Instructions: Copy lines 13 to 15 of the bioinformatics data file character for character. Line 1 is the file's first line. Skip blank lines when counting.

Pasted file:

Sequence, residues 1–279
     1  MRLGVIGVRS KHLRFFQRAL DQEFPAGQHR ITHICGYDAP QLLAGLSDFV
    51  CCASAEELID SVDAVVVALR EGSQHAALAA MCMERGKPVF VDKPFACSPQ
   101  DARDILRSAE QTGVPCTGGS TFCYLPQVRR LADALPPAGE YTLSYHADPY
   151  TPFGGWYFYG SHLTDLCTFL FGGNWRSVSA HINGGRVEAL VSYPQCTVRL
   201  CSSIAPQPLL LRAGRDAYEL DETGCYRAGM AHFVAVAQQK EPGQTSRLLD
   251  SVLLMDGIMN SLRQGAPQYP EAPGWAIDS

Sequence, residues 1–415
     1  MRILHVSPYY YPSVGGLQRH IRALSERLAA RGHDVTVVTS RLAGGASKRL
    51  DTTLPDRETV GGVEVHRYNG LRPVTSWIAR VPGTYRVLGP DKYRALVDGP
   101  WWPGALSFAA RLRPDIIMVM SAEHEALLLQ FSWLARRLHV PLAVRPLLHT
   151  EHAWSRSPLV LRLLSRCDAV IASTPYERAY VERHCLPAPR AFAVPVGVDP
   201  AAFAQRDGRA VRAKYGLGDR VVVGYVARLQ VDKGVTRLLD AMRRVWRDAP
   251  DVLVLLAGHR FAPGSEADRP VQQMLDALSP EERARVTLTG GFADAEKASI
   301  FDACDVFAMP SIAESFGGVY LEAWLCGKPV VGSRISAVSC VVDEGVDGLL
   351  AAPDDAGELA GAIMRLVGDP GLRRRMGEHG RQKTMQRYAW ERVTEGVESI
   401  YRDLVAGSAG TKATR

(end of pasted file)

   201  AAFAQRDGRA VRAKYGLGDR VVVGYVARLQ VDKGVTRLLD AMRRVWRDAP
   251  DVLVLLAGHR FAPGSEADRP VQQMLDALSP EERARVTLTG GFADAEKASI
   301  FDACDVFAMP SIAESFGGVY LEAWLCGKPV VGSRISAVSC VVDEGVDGLL